Is the shame monster on your back? Shoot me a message. Let’s talk. There is hope. ❤️

I love you. As-is. All of you.


❤️ Tukayote ❤️

The power and release, of control

I want to heal my inner child and I can start taking small steps every day.  I know of people who have done the work to heal trauma, so it can be possible for me too.  I can learn and heal as I figure things out in this new journey.  I release my need for perfection and replace it with love and compassion for myself.


“I want to heal my inner child and I can start taking small steps every day. I know of people who have done the work to heal trauma, so it can be possible for me too. I can learn and heal as I figure things out in this new journey. I release my need for perfection and replace it with love and compassion for myself.” – Tukayote, December 2022.

Five months later, I am rewording it to “I am firmly on the path of healing my inner child and I continue taking small steps every day to become more secure in myself, and my attachment to others. I know many people doing this work to heal their trauma, and it inspires me to continue doing the same thing for myself. I am learning so much, and healing so many things in this journey. I continue to release my need for perfection in myself and with others, and replace it with unconditional love for myself and those around me. I release my expectations of others and realize that there is nothing outside of myself that I can truly control.

It is fun to go back and look at where I was then and where I am today. I drafted an e-mail to a former partner this afternoon, one who I have had problems with for over a year, and who I had to sever the relationship with a few months ago. Then I deleted it. Without sending it. Something I couldn’t even think of being able to do five months ago, and something I couldn’t do three days ago when I hit send on the message I impulsively typed out in response to this person trying to interfere with my life again. I was giving them power and control over my emotions by engaging with them, yet again. And today, just three days later, after deep reflection and a 12 mile walk last night, I processed (yet more) emotions and came to new conclusions. I don’t owe them shit. And there is nothing I can say that will get through to them and make them understand the hurt, pain, and damage I feel from them. I can’t control their feelings or emotions. I can’t make them understand things the way that I do.

There truly is nothing outside of myself that I can control. I can’t control this person who continues down a destructive path and tries to pull me in. I can’t control their desire to control me. I can only control my choices, especially how I respond to what they are doing. And no response, is a SOLID response.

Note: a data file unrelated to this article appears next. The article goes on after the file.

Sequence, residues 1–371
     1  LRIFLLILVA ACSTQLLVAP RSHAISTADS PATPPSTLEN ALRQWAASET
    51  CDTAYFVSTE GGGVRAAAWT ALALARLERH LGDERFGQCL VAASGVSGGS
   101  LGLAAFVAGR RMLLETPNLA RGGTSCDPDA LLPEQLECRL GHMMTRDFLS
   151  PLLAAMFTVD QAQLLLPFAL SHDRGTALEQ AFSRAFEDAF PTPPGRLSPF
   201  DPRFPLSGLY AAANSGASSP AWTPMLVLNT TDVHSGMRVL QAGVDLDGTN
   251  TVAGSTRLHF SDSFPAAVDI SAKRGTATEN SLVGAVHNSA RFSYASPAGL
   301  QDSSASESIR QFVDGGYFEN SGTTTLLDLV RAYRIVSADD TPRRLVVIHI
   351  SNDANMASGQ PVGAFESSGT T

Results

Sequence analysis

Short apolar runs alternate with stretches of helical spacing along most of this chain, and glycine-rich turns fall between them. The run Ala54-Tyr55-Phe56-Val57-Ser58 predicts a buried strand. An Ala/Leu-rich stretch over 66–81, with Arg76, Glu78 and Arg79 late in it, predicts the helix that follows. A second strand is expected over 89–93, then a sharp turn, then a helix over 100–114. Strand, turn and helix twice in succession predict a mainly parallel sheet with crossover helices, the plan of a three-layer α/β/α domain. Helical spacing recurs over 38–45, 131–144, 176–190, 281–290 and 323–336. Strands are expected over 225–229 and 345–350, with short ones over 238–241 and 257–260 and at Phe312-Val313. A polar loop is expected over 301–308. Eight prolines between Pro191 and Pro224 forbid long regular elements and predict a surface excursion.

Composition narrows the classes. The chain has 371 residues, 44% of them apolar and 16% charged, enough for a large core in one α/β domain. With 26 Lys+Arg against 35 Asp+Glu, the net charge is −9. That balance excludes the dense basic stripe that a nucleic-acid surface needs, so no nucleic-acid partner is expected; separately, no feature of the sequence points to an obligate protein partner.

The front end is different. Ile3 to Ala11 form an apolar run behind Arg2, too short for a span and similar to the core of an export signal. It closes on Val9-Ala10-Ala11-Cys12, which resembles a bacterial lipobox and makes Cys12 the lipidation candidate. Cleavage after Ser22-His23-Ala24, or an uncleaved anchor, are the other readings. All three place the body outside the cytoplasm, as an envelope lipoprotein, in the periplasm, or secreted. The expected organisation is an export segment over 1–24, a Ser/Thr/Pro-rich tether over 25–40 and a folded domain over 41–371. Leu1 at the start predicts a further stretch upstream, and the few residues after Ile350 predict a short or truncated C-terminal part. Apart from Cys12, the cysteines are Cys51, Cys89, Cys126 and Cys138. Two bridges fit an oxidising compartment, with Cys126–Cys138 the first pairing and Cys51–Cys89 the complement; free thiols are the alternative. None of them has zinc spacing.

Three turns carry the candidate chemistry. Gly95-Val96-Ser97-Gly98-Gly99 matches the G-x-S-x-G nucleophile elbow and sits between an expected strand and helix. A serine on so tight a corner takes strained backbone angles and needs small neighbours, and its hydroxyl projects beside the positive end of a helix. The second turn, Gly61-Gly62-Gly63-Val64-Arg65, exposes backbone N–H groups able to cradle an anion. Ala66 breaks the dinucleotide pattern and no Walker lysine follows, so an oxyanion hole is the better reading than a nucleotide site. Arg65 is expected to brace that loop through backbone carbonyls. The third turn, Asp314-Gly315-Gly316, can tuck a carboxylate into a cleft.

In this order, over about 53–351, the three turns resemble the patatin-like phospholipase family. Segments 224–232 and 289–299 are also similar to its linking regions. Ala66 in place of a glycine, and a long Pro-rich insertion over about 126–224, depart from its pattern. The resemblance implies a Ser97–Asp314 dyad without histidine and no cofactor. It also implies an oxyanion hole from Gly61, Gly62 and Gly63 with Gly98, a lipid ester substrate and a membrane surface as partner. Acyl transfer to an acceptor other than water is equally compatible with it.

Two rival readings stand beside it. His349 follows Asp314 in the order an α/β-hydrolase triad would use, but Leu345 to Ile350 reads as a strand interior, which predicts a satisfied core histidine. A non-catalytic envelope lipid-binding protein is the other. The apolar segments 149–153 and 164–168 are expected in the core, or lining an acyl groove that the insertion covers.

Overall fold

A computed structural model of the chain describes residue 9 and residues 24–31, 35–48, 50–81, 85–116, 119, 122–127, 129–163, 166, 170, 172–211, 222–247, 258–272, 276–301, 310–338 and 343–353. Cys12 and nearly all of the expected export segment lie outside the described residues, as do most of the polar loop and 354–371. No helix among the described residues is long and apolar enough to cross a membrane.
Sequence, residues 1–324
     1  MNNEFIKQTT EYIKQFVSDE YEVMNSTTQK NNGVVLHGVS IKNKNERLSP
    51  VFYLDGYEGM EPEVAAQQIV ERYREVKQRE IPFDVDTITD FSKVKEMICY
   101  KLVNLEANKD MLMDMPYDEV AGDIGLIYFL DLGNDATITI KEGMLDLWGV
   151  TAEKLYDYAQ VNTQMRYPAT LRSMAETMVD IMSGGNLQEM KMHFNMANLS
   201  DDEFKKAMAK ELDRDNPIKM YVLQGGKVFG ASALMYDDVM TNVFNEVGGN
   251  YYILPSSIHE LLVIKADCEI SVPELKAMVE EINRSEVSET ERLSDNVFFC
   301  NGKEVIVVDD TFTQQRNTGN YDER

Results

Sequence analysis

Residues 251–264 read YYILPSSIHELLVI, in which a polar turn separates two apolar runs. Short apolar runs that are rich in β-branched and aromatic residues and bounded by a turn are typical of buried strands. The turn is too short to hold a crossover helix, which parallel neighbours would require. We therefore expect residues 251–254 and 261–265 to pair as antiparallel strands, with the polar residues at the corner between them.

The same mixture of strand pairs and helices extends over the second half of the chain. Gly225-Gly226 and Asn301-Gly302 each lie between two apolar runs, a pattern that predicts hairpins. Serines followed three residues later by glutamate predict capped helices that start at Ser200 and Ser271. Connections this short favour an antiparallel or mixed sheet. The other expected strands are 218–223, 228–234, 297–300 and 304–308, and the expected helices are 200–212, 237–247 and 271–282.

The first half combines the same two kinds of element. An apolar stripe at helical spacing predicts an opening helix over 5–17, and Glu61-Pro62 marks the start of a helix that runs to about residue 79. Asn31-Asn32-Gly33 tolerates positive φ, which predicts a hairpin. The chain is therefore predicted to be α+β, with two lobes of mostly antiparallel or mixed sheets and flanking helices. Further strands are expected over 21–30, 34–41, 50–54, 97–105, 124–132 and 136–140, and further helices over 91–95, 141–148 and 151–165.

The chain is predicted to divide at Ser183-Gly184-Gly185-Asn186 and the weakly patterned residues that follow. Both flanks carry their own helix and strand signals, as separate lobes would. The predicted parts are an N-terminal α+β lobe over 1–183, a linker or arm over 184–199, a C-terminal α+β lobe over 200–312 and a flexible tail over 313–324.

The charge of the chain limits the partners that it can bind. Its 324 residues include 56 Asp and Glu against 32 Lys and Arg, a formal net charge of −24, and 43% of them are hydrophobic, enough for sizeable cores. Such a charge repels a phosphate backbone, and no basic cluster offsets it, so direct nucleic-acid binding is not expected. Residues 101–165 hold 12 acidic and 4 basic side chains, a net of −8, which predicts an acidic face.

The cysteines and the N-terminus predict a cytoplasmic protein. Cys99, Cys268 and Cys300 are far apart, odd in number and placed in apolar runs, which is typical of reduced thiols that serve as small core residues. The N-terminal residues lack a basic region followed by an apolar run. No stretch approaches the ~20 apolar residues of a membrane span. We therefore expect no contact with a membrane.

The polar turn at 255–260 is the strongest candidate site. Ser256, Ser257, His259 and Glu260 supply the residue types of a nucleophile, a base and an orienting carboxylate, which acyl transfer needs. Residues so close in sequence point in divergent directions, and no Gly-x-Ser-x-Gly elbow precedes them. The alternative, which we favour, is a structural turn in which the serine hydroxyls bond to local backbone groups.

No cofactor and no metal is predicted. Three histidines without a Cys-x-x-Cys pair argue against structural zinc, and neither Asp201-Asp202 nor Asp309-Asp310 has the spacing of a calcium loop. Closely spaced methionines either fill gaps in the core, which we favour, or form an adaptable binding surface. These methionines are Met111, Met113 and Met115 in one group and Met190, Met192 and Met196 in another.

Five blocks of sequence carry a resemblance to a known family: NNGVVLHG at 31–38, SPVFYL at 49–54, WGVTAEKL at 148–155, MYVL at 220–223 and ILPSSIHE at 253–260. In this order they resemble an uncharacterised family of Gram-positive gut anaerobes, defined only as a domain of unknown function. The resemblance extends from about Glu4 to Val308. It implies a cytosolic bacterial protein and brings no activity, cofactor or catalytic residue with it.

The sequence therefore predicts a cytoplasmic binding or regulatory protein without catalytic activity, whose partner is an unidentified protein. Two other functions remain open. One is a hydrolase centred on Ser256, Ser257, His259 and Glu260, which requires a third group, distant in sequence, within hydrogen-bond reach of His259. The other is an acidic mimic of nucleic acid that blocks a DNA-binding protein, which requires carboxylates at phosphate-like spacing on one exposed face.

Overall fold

Sometime, also about 5 months ago, I sat down and listed all of the things I can control. Humans by nature like to feel like they are in control of something, and it was important for me to not feel powerless or helpless. So here is my list. I keep it on my phone, read it frequently, and when the inspiration hits, I add more to it. It keeps growing, but at the root of it all is one word: myself. I can only control myself. I can’t control other people (and what they do), the weather, random injuries, flat tires, or any of the millions of things life dishes out to us with little or no advanced warning. Just me. Only me.

Things I can control and have power over:

  • My reactions to anything I face
  • My emotions and how I respond to triggers
  • My truth
  • My commitments to myself and others
  • My time and how I spend it
  • My body and what I do with it
  • My mental/physical/emotional/sexual health
  • My schedule and how I fill it
  • My diet
  • My substance, nicotine, and alcohol use
  • My money
  • My choice of friends and relationships
  • My sexuality
  • My love and who/how I share it with others
  • My gifts and acts of service 
  • My communication
  • My volunteerism
  • My employment

Things I can’t control and have no power over:

  • Literally everything else

So, take a few minutes to write down what you have control over and the things you don’t (and probably wish) you had control over. Then examine the things you don’t have control over, especially the ones that are causing you turmoil, emotions, and wasted energy. Stop trying to control them and give the control and power back to what you can control, yourself. Release expectations of others and yourself; they only serve to disappoint you in the long run. Turn to love and compassion for yourself and the healing journey you are on. And share that love and compassion with everyone and everything in your world (even your enemies).

Have a lovely day my friends and followers. I love all of you and hope this helps you take control of yourself and release your need to control anything that you simply cannot (which is almost everything, except you).

Love Always,

<3 Tukayote <3